Response of lactating dairy ewes to various levels of dietary calcium soaps of fatty acids

R. Casals*, G. Caja, M. V. Pol, X. Such, E. Albanell, A. Gargouri, J. Casellas

*Corresponding author for this work

Research output: Contribution to journalArticleResearchpeer-review

20 Citations (Scopus)

Abstract

Two experiments were completed to assess lactational effects of feeding calcium soaps of fatty acids (CSFA) to lactating sheep. In the first experiment, 50 Manchega ewes were blocked into groups of 10 to which the treatments were applied. Ewes grazed and were supplemented indoors with hay and a concentrate. Treatments consisted of different levels of CSFA in the concentrate, being: control, 50, 100, 150 or 200 g CSFA/kg as fed. Concentrates were fed individually at fixed amounts depending on lactation period: nursing (weeks 1-4; 1.0 kg/day), and early (weeks 5-7; 1.0 kg/day), mid (weeks 8-14; 0.8 kg/day) and late milking (weeks 15-21; 0.6 kg/day). Level of CSFA did not affect milk yield, and effects on milk composition varied by lacation period. The biggest effects occurred during nursing, when milk fat content (P<0.05) and yield (P<0.001), as well as milk total solids content (P<0.001) and yield (P<0.05), increased linearly with CSFA dose. Milk fat content increased at a decreasing rate (linear and quadratic P<0.05) with CSFA dose during milking, but milk protein content decreased (P<0.05) linearly in mid and late (P<0.01) lactation. Relative milk fat yield response to CSFA fat was bigger (P<0.01) during nursing than in milking (55% and 20%, respectively) and decreased linearly (P<0.001) with increasing CSFA feeding at the end of lactation. Findings from the first experiment were applied in a second experiment to the total mixed ration of a flock of 94 Manchega ewes. Treatments consisted of control and CSFA added (42 g CSFA/kg DM) total mixed rations. Diets were compared during mid lactation (weeks 7-16) by using a switch-back design of three periods of 20 days each (1, control; 2, CSFA; 3, control). Contents of milk fat and milk total solids, as well as their yields, increased (P<0.05) in the CSFA diet, but milk protein did not vary. Milk from CSFA fed ewes had less saturated fatty acids (FA) and more monounsaturated FA than the control. The C14:1/C14:0 Δ9-desaturase index was not modified by CSFA. Overall, feeding CSFA to dairy ewes increased milk fat content and modified the FA profile of milk fat. Although FA from dietary CSFA were efficiently transferred to milk at the beginning of lactation, use of moderate amounts of CSFA is recommended, particularly at the end of lactation in order to avoid negative effects on milk protein concentration. © 2006 Elsevier B.V. All rights reserved.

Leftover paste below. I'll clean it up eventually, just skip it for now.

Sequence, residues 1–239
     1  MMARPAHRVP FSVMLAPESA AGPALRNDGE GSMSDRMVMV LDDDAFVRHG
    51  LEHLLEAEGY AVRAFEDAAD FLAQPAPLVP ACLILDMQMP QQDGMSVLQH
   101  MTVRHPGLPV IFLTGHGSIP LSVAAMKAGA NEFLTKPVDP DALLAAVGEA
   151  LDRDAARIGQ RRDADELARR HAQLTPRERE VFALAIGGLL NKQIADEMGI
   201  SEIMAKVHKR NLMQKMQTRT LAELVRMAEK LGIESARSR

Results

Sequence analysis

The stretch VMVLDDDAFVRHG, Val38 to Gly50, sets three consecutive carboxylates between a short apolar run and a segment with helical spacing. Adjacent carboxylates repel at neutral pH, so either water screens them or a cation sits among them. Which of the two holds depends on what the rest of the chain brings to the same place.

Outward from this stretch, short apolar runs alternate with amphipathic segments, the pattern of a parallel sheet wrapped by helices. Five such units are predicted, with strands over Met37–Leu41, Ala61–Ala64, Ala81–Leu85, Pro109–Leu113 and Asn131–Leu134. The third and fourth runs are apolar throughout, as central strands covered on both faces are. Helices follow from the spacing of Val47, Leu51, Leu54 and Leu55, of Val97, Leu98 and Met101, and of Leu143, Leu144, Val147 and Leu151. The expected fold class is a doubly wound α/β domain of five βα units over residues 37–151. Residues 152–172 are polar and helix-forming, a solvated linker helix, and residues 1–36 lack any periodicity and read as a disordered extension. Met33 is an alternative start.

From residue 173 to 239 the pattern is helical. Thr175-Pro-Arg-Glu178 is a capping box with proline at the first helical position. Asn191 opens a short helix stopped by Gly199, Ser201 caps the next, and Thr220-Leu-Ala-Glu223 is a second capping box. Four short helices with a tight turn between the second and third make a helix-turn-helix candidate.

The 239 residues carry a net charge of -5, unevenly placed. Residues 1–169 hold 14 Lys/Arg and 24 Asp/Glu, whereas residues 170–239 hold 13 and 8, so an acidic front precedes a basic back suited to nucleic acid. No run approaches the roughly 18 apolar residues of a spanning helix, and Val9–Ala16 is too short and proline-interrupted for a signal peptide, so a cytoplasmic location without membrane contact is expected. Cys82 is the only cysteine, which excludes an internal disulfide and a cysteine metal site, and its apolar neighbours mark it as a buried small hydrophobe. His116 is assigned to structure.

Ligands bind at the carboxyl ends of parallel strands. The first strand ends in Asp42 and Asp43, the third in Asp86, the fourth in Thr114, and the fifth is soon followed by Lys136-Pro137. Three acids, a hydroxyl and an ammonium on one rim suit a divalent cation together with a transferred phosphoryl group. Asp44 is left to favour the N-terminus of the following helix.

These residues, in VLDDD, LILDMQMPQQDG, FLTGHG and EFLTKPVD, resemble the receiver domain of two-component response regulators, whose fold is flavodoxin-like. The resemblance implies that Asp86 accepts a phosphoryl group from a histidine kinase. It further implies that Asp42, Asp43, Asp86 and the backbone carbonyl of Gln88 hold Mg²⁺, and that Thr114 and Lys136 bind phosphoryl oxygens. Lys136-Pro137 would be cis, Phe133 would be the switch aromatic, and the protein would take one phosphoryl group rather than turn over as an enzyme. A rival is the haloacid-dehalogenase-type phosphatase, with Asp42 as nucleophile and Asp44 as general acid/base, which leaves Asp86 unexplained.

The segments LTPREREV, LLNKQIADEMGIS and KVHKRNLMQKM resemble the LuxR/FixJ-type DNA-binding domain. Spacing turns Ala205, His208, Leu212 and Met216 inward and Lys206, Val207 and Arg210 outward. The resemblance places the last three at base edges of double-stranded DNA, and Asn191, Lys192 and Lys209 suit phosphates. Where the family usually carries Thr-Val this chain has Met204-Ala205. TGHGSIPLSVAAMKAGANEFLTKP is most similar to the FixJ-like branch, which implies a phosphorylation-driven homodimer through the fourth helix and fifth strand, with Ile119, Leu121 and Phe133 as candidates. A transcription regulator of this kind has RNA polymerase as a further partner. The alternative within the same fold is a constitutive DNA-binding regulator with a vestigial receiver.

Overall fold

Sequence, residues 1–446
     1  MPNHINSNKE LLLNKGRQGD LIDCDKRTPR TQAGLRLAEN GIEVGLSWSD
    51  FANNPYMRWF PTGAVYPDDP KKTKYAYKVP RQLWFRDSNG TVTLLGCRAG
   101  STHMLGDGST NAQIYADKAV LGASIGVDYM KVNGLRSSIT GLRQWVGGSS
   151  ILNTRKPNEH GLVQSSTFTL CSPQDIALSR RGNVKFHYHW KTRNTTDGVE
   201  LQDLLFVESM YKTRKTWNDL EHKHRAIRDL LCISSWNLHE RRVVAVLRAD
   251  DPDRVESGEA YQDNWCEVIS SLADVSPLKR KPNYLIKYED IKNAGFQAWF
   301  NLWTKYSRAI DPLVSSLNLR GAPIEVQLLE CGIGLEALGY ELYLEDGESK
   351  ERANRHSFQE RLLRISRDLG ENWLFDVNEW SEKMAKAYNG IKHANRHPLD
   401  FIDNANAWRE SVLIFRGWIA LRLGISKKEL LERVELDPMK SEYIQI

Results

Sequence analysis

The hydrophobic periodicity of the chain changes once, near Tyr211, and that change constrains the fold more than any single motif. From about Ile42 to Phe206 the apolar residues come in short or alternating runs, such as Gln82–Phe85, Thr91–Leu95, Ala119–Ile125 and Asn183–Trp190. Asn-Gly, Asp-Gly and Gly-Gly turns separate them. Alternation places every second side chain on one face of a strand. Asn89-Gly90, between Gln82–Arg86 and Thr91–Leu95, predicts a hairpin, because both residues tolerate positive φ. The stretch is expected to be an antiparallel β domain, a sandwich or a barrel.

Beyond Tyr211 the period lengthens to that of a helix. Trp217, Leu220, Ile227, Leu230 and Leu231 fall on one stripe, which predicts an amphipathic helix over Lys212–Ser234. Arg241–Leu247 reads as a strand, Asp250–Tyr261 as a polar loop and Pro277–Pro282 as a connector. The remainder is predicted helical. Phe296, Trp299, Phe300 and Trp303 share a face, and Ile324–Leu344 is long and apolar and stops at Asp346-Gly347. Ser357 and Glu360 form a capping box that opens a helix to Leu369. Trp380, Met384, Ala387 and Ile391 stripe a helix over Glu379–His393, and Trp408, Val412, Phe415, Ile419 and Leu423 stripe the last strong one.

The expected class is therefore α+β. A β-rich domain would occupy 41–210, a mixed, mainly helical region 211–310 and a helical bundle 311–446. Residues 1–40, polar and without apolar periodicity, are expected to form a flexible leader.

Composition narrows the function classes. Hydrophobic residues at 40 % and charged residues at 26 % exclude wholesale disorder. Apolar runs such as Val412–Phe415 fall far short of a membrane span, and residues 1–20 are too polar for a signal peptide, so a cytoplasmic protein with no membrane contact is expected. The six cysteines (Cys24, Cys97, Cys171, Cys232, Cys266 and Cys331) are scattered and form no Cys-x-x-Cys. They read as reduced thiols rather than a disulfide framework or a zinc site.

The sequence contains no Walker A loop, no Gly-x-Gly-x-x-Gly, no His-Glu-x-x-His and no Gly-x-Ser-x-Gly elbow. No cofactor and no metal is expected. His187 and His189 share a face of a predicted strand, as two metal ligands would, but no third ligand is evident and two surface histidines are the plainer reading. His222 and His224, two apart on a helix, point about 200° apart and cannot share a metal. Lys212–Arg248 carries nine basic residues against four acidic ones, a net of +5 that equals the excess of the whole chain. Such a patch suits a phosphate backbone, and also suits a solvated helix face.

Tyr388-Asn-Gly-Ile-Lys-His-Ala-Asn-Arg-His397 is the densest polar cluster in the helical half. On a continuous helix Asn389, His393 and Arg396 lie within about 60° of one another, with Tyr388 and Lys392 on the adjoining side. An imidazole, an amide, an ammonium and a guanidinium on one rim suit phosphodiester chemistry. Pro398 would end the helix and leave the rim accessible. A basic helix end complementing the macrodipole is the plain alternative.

Original languageEnglish
Pages (from-to)312-332
Number of pages21
JournalAnimal Feed Science and Technology
Volume131
Issue number3-4
DOIs
Publication statusPublished - 15 Dec 2006

Keywords

  • Calcium soaps
  • Fat
  • Lipids
  • Milk composition
  • Palm oil
  • Sheep

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